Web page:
An important contribution of this study to the literature is that it examines a variety of work, personal, human capital, workplace, and sector characteristics as possible factors associated with different types of flexible work schedules. Results show that employment status is a factor consistently associated with flexible work schedules. Compared to regular full-time workers, those in regular part-time employment are more likely to have a flextime schedule, a variable workweek length and/or a variable workweek schedule. Those with temporary full-time employment status are more likely to have a long workweek, flextime, a variable workweek length, and variable workweek schedule, and less likely to have a standard work schedule. Workers with temporary part-time employment status in particular are the most likely to have flextime, a variable workweek length and/or a variable workweek schedule. These results confirm and extend previous research that showed a positive relationship between flexible work schedules and non-standard employment status (Bosch, 2006).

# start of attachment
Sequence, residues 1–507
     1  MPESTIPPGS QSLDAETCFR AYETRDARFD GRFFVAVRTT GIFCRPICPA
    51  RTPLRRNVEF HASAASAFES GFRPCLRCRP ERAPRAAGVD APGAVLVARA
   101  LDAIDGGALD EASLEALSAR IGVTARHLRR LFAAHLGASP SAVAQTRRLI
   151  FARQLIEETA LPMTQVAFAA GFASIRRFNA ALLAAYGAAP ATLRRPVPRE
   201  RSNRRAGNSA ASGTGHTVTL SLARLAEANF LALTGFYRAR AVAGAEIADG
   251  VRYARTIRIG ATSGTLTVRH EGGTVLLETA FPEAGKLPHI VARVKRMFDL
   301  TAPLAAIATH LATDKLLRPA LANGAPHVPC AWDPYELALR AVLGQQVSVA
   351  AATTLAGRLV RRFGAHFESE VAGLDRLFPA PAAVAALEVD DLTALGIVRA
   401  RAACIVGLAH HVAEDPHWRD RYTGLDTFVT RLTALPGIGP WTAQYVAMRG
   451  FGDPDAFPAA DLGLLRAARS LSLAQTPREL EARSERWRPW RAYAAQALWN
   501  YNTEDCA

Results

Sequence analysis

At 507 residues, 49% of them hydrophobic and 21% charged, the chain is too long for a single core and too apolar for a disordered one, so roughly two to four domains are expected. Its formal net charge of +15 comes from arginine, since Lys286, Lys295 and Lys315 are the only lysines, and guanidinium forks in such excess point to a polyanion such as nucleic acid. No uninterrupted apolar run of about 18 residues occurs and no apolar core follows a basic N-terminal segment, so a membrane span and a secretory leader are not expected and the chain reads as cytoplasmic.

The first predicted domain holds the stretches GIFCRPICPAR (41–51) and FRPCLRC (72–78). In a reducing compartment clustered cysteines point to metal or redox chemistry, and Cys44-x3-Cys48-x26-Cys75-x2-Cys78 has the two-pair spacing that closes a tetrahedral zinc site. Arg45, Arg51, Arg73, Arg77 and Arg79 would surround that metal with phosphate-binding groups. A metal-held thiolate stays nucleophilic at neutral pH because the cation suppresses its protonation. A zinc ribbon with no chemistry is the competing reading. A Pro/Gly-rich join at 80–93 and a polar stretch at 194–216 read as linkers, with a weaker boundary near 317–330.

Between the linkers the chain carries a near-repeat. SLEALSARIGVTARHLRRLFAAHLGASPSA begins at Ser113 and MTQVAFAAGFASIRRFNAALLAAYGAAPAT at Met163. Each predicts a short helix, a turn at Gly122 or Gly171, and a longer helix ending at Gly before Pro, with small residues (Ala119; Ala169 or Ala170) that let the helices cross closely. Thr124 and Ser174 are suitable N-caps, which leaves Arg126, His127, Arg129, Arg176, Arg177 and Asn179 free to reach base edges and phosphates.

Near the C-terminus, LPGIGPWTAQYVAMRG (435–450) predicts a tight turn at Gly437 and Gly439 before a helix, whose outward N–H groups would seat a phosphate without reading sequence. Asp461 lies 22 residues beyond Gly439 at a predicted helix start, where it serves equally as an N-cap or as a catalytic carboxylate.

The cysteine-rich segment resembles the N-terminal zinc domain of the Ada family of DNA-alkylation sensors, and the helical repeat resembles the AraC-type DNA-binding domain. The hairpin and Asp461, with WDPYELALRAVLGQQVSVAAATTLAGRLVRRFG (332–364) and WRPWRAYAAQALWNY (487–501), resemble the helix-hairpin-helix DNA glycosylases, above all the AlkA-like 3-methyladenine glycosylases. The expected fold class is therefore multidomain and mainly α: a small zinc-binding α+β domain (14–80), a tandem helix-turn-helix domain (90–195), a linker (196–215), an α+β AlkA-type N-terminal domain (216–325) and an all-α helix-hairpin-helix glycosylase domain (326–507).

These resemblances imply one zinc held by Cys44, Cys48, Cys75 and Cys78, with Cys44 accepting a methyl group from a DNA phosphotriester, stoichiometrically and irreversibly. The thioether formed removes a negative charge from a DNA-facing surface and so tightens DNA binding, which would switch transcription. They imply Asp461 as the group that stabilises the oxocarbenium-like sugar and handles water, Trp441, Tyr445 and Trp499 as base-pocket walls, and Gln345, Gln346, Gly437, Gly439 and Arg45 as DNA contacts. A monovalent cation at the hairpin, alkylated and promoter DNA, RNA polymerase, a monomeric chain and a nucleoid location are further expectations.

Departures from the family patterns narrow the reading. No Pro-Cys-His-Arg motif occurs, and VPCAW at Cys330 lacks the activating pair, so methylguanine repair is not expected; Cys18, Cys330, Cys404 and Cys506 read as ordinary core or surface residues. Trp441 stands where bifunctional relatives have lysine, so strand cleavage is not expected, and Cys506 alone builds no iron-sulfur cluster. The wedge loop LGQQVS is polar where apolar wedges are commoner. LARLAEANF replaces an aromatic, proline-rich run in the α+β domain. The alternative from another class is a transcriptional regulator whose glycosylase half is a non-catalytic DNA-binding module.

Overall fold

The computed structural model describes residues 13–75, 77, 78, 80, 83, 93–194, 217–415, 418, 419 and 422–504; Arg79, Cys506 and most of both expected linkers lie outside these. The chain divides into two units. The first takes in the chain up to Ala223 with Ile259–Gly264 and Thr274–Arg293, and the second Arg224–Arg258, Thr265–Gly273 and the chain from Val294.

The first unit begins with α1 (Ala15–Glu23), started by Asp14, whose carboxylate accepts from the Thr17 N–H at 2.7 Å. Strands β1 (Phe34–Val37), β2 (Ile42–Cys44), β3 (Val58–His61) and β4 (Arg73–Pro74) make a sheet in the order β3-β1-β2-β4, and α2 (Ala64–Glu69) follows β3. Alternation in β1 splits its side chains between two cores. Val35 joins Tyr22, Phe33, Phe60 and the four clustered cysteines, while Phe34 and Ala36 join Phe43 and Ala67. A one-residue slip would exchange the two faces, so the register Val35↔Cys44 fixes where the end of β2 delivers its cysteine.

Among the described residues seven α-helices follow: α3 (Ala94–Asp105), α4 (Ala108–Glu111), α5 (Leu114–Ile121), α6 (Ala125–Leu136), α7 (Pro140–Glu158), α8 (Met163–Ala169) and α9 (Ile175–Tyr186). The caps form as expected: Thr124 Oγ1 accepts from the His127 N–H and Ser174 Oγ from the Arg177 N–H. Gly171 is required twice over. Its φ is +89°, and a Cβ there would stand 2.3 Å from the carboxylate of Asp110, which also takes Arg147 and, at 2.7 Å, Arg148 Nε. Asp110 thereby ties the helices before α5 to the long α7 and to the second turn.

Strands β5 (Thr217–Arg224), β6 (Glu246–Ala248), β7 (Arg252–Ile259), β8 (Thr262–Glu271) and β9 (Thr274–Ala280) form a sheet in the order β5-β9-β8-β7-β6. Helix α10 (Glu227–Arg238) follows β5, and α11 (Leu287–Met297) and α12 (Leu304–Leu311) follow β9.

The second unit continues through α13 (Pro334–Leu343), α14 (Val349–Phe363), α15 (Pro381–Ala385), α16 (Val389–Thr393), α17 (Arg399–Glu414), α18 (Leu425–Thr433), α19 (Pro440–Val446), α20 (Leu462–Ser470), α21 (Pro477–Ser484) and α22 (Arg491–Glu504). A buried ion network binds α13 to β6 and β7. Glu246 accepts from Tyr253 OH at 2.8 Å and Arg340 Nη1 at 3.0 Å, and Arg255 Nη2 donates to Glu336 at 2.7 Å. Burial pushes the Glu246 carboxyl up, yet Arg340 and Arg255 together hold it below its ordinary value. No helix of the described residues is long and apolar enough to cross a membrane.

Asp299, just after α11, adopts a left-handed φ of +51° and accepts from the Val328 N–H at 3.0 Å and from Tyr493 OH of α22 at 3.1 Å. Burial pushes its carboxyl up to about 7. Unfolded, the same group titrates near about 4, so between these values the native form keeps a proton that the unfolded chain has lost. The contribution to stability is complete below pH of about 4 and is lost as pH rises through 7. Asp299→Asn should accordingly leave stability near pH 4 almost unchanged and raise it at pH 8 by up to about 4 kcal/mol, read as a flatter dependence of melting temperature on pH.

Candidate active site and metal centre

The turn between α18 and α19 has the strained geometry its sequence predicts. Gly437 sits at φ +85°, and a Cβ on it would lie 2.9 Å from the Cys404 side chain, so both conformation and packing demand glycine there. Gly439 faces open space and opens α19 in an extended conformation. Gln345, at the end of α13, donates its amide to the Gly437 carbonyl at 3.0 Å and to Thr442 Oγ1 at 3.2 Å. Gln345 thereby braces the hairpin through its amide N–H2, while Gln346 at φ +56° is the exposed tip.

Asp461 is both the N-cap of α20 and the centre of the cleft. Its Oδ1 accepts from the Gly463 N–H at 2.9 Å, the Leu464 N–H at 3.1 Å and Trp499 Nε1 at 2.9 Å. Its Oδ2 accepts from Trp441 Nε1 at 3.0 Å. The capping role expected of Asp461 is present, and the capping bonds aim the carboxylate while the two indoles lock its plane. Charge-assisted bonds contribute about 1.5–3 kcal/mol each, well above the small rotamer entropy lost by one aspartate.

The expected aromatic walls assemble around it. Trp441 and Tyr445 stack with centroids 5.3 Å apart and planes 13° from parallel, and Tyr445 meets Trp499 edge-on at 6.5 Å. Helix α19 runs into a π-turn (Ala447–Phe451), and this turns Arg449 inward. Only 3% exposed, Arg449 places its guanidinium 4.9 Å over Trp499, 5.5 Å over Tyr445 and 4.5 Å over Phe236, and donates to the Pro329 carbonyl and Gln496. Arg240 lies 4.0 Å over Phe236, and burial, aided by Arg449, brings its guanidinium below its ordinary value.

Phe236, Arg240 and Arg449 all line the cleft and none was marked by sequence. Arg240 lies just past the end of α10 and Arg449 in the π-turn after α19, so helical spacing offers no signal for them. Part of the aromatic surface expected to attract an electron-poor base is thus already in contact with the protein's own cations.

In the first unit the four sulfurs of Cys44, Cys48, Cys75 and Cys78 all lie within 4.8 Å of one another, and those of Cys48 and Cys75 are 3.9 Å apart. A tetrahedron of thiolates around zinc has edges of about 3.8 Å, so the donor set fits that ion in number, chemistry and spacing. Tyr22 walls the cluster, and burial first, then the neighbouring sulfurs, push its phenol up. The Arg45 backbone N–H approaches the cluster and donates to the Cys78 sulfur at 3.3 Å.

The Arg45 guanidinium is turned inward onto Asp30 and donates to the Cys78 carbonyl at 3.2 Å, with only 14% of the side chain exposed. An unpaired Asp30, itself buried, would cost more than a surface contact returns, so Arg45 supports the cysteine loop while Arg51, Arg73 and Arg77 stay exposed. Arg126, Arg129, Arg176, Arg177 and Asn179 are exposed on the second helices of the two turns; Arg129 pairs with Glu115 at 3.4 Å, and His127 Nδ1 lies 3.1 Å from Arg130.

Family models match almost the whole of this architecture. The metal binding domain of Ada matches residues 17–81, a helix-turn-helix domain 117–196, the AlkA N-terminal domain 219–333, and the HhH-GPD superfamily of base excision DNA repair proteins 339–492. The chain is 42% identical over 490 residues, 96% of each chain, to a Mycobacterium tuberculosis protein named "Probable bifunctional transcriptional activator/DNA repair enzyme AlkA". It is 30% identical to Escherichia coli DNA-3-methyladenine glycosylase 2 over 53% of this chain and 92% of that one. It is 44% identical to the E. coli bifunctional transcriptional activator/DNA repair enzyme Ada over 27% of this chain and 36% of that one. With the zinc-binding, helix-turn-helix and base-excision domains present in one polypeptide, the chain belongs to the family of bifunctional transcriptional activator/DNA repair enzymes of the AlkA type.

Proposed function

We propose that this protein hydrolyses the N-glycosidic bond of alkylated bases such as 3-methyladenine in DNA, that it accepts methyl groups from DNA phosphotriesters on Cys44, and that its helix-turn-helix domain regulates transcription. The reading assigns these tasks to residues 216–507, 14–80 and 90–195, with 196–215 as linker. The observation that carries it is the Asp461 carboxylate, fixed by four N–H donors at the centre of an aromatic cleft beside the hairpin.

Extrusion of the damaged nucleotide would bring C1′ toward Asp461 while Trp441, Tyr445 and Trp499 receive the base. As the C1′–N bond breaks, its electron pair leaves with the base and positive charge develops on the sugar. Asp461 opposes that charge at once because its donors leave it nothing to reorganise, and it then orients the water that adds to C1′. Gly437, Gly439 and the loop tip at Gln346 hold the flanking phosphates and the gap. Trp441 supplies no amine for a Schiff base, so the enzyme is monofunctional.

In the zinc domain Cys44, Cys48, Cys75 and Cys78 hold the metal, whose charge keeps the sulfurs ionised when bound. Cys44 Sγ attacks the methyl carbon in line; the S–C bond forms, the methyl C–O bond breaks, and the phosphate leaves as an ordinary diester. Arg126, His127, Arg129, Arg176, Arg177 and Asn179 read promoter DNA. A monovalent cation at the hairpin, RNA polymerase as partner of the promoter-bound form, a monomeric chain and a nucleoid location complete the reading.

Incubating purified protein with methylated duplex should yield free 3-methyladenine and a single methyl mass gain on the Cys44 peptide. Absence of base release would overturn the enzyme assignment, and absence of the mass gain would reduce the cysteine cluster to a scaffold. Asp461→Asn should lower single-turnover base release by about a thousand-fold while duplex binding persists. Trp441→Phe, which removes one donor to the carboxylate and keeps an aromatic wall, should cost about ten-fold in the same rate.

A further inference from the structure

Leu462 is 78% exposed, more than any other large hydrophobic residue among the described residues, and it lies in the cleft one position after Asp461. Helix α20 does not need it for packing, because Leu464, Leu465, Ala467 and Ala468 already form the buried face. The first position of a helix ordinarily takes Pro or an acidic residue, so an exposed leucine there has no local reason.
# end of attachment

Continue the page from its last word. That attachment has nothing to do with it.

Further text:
Results also show that unionized work is another factor associated with flexible work schedules. Unionized workers are less likely to work in long workweeks or have flextime. These results are in-line with previous research showing that unions negotiate improvement in working conditions (Verma, 2005) including limits to flexible work schedules (Golden, 2005). Though, the results show that unionized workers are more likely to work in a variable workweek length and/or a schedule.